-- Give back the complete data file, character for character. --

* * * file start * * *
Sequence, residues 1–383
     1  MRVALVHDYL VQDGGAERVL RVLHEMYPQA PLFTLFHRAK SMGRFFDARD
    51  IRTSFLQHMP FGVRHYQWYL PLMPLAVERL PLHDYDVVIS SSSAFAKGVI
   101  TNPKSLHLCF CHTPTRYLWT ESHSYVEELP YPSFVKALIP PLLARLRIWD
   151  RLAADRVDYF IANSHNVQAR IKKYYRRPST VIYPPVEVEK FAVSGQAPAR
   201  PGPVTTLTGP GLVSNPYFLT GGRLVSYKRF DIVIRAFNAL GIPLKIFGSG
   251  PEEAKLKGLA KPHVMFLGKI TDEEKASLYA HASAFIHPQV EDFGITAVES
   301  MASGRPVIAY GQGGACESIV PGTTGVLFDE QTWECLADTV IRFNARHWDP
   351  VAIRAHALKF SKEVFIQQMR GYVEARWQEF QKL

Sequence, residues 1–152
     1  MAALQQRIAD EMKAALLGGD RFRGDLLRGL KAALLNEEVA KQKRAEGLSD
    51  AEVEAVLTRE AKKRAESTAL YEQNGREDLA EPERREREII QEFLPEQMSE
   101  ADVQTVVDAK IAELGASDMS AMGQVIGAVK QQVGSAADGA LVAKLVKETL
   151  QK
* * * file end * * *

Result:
Sequence, residues 1–383
     1  MRVALVHDYL VQDGGAERVL RVLHEMYPQA PLFTLFHRAK SMGRFFDARD
    51  IRTSFLQHMP FGVRHYQWYL PLMPLAVERL PLHDYDVVIS SSSAFAKGVI
   101  TNPKSLHLCF CHTPTRYLWT ESHSYVEELP YPSFVKALIP PLLARLRIWD
   151  RLAADRVDYF IANSHNVQAR IKKYYRRPST VIYPPVEVEK FAVSGQAPAR
   201  PGPVTTLTGP GLVSNPYFLT GGRLVSYKRF DIVIRAFNAL GIPLKIFGSG
   251  PEEAKLKGLA KPHVMFLGKI TDEEKASLYA HASAFIHPQV EDFGITAVES
   301  MASGRPVIAY GQGGACESIV PGTTGVLFDE QTWECLADTV IRFNARHWDP
   351  VAIRAHALKF SKEVFIQQMR GYVEARWQEF QKL

Sequence, residues 1–152
     1  MAALQQRIAD EMKAALLGGD RFRGDLLRGL KAALLNEEVA KQKRAEGLSD
    51  AEVEAVLTRE AKKRAESTAL YEQNGREDLA EPERREREII QEFLPEQMSE
   101  ADVQTVVDAK IAELGASDMS AMGQVIGAVK QQVGSAADGA LVAKLVKETL
   151  QK